A Chicago tour boat company is asking a Cook County circuit judge to rule a Cook County administrative law judge was right to say the county can’t apply an amusement tax on the company’s Chicago River and Lake Michigan boat tours, but to find the administrative law judge did so for the wrong reason – a move which could also spell taxing trouble for the operators of Chicago’s walking tours. 

On Aug. 23 in Cook County Circuit Court, Mercury Skyline Yachts Charters and Mercury Sightseeing Boats filed, as a “protective measure,” a request for an administrative review, which asked that a judge review a ruling by a Cook County administrative law judge, regarding Mercury’s protest against an amusement tax the county sought to impose on Mercury. 

Mercury operates seven boats that are used for cruises on Lake Michigan and architectural tours along the Chicago River. On the architectural tours, Chicago Architecture Foundation guides provide commentary. On four of the six non-architectural sightseeing cruises, Mercury crew members provide commentary; there is no commentary for the other two. 

The Cook County Department of Revenue tried to impose an amusement tax on Mercury in September 2014, but Mercury protested the tax violated the equal protection guarantees of the Illinois and United States’ constitutions, because the county did not tax walking tours of city landmarks. Mercury also claimed their boat tours should be considered “live entertainment” and thus be exempt from the tax. 

Mercury had a hearing before a county administrative law judge in February 2016. According to Mercury’s court filing, the county administrative law judge ruled July 19 the tax should apply to Mercury’s architectural tours and to four of the sightseeing cruises that come with commentary; it did not apply to the two cruises without commentary. Nevertheless, the judge said Mercury was totally exempt under the U.S. Maritime Transportation Safety Act of 2002, which prohibits – except in limited circumstances – non-federal agencies from taxing vessels that travel on navigable waters under federal authority.  

The administrative law judge did not address Mercury’s constitutional argument.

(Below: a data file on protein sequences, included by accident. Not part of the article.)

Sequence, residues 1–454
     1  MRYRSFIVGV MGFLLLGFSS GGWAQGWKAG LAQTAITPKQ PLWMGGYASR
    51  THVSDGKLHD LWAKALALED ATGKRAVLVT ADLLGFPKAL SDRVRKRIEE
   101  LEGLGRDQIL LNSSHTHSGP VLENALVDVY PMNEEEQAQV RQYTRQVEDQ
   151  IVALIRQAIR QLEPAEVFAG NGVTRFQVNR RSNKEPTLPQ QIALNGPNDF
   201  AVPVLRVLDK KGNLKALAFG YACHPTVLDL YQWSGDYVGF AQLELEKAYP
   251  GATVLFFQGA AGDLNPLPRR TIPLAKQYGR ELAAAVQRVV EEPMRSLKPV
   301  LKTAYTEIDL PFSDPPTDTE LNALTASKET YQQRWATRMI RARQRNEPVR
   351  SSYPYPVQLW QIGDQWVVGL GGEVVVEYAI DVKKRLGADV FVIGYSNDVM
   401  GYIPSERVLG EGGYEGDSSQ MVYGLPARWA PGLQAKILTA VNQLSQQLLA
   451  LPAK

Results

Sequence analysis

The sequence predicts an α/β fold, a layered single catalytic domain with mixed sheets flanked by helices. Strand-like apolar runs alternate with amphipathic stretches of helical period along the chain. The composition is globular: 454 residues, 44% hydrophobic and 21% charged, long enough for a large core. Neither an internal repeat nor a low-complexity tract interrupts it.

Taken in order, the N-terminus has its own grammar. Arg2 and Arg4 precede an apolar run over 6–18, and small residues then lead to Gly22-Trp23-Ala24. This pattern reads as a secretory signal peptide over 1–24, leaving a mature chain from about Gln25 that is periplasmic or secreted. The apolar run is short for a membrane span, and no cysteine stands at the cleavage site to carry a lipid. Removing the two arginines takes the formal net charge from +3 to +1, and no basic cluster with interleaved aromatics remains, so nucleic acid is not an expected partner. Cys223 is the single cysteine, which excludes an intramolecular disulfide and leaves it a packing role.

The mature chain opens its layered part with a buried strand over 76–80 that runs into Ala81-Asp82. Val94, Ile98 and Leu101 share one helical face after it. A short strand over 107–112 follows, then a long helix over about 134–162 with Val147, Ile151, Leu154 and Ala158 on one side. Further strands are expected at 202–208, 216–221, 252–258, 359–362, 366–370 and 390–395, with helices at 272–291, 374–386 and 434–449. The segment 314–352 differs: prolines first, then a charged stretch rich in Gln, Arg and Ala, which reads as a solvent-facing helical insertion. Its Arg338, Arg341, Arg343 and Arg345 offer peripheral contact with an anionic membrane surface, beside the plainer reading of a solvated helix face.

Mercury was apparently glad it did not have to pay the tax, but was unhappy with the finding its operations were considered “amusement,” and the possibility that, if not for the overriding federal law, the company would have needed to fork over the tax. 

Seeking other legal ground on which to stand, Mercury visited circuit court last week, asking a circuit judge to affirm the administrative law judge’s decision finding the tours and cruises are not taxable, but to reject the grounds the administrative judge cited in arriving at that decision. 

In addition, Mercury wants a review of its constitutional argument.

The county Department of Revenue has also asked a circuit court judge to overturn the administrative law judge’s ruling that the Maritime Act bars the county from assessing the amusement tax. Further, the department is trying to head off Mercury’s request for review in circuit court by contending Mercury should never have had a county administrative hearing in the first place, because Mercury missed the filing deadline for the hearing. 

Mercury countered it did file in time and the administrative law judge agreed. Mercury is arguing the department has no right to now maintain Mercury was tardy for the administrative hearing, given the department didn’t raise the issue at the hearing. 

The court documents do not indicate how much potential tax money is at stake in the legal actions. 

Mercury is represented by the Chicago firm of Jenner & Block. A status hearing is set for Oct. 18 before Circuit Judge Ann Collins-Dole.

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